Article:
Patient's Right of Access to Records of Personal Health Information

AuthorHalyna N. Perun; Michael Orr; Fannie Dimitriadis
1 CSA Privacy Code 4.9, Principle 9, Individual Access. “CSA Privacy Code” is the term
commonly used to refer to the Code incorporated in Schedule 1 of PIPEDA, below note
2, which is officially entitled “Principles Set Out in the National Standard of Canada
Entitled Model Code for the Protection of Personal Information, CAN/CSA-Q830-96.”
2 S.C. 2000, c. 5. [PIPEDA].
3Ibid., ss. 8–10 and s. 4.9 of Schedule 1.
1) Access as a Fundamental Privacy Right
An individual’s ability to see the information that an organization has com-
piled about the individual and require its correction is a cornerstone of fair
information practices. Principle 9 of the CSA Privacy Code articulates this fun-
damental rule: “Upon request, an individual shall be informed of the existence,
use, and disclosure of his or her personal information and shall be given access
to that information.”1
The Personal Information Protection and Electronic Documents Act2incorpo-
rates Principle 9 of the CSA Privacy Code and sets out a procedure for individ-
uals to obtain access to their personal information held by organizations
subject to PIPEDA.3Industry Canada has indicated that the provision of the
right of access to one’s information is one of the key factors in determining
13 Patient’s Right of Access
to Records of Personal
Health Information
whether provincial privacy of personal information legislation is substantially
similar to PIPEDA, so as to justify an order dispensing with compliance with
PIPEDA for those organizations covered by the provincial legislation.4
2) The Supreme Court of Canada’s Position on a Patient’s Right
of Access
Canadian courts have clearly held that patients have a right of access to infor-
mation about themselves, subject to limited exceptions. In 1992, the Supreme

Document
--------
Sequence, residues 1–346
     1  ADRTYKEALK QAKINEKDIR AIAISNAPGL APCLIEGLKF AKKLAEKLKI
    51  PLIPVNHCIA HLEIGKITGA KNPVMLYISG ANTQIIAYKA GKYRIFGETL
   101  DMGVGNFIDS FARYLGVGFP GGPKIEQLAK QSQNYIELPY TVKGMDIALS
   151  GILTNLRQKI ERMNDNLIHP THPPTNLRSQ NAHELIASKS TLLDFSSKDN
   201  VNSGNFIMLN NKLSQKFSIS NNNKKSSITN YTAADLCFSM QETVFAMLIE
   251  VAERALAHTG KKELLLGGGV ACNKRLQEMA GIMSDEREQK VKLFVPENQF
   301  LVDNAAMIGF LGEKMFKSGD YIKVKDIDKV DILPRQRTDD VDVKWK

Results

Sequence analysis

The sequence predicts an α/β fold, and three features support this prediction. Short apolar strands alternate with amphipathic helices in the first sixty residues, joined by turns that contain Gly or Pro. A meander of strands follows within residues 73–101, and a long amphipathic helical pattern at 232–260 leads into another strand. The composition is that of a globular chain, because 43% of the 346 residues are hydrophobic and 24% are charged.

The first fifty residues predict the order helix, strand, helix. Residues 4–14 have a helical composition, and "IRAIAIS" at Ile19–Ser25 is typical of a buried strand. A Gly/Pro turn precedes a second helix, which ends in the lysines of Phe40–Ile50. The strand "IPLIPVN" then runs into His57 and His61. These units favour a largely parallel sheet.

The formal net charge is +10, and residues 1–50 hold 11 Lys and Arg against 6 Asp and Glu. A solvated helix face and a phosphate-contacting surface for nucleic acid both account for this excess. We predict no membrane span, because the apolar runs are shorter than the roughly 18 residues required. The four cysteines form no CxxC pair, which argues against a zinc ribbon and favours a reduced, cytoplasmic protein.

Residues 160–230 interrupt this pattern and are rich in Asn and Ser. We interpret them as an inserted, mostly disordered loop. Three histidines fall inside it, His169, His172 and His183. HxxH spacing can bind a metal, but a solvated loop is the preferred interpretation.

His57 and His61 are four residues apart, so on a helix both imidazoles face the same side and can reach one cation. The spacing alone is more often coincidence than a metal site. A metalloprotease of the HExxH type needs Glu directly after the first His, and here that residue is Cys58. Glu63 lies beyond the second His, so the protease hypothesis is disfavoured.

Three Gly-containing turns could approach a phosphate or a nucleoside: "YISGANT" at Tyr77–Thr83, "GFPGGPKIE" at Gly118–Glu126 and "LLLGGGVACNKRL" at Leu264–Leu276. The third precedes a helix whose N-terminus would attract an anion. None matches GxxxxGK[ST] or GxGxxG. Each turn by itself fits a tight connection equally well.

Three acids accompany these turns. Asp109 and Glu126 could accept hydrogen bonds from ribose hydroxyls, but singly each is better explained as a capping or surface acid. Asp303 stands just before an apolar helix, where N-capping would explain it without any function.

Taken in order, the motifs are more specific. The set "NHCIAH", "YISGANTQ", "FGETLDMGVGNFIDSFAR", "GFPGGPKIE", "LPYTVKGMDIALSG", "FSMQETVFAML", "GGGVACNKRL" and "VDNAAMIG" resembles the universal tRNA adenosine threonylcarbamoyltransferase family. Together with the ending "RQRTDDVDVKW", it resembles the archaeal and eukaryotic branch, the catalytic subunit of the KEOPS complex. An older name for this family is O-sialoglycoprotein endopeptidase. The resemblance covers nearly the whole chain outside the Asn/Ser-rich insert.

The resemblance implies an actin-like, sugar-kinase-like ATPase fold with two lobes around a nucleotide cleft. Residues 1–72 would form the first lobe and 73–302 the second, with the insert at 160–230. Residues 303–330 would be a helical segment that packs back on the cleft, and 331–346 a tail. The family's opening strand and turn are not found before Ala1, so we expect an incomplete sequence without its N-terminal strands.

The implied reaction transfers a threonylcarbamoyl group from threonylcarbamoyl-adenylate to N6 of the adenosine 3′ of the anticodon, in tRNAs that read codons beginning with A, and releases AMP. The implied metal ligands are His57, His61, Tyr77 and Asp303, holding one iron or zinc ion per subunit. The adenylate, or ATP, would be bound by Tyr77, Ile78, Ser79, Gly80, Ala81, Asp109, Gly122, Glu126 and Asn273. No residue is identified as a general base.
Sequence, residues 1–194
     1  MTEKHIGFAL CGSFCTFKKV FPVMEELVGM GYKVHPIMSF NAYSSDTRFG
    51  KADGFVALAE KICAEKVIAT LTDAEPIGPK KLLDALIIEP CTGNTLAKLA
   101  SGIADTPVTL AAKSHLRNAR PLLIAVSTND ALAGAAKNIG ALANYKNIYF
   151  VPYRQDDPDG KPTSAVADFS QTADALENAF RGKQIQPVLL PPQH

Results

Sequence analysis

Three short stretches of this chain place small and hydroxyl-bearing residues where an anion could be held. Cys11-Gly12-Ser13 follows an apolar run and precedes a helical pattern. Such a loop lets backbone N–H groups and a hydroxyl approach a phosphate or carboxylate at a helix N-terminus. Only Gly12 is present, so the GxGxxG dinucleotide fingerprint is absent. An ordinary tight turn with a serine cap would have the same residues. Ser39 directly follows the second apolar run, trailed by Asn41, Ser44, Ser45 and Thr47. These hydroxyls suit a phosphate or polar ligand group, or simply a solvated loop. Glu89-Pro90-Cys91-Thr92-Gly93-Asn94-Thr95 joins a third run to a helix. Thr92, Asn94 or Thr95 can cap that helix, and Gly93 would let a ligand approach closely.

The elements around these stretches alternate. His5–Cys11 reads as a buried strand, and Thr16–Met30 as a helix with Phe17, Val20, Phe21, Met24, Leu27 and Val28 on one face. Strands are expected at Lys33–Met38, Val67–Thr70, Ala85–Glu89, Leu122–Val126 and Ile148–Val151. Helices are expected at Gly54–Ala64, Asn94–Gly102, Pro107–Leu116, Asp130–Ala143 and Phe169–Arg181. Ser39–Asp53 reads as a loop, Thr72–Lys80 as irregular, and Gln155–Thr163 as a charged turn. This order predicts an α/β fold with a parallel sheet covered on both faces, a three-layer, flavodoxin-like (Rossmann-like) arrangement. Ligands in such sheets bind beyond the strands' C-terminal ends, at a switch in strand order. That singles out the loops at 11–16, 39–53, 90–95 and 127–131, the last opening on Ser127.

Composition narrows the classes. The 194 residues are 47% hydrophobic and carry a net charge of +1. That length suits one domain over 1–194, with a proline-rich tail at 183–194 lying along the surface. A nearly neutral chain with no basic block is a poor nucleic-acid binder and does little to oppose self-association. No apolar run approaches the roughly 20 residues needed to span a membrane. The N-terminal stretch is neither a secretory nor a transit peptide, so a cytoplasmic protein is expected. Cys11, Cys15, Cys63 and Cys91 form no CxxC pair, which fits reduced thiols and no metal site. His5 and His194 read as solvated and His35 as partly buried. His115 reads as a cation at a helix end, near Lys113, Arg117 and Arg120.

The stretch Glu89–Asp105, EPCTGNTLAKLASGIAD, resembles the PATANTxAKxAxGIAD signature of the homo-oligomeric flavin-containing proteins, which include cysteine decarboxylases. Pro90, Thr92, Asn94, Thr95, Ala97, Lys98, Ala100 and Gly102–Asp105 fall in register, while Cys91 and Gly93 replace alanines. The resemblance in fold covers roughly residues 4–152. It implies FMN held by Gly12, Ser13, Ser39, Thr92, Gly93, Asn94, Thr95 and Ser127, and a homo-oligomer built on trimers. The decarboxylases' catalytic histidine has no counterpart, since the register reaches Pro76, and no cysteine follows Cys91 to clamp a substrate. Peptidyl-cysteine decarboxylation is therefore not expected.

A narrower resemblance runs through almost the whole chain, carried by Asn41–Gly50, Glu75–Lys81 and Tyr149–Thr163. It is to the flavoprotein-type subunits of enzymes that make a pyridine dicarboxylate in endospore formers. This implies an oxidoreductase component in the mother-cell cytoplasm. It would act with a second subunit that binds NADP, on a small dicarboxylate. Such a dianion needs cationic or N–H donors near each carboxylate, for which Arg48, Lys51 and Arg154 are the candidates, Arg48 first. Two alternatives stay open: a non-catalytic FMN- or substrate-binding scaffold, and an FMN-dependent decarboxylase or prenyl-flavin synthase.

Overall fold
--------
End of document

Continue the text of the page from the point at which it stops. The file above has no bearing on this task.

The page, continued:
Court of Canada in McInerney v. MacDonald,5held unanimously that patients
have such a right based on physicians’ fiduciary obligations to their patients.
The patient, Mrs. MacDonald, had requested the contents of her complete med-
ical file from Dr. McInerney. Dr. McInerney gave Mrs. MacDonald copies of all
reports and medical records she had prepared herself, but refused to provide
copies of reports she had received from other physicians, stating that those
reports were the property of the other physicians and that it would be unethical
for her to release them. Mr. Justice La Forest, for the Court, held that the own-
ership of the tangible records lies with the person that compiles them. Howev-
er, “the patient is entitled to reasonable access to examine and copy the records,
provided that the patient pays a legitimate fee for the preparation and reproduc-
tion of the information.”6The Court noted that the patient confides sensitive
information to the doctor and has an interest in what happens to that informa-
tion. In sharing information with the physician, the patient entrusts this infor-
mation to the physician. The trust-like beneficial interest that the patient has in
the information gives rise to a right of access and the physician has a correspon-
ding obligation to provide the information. The patient’s right of access applies
both to information produced by the attending physician and to information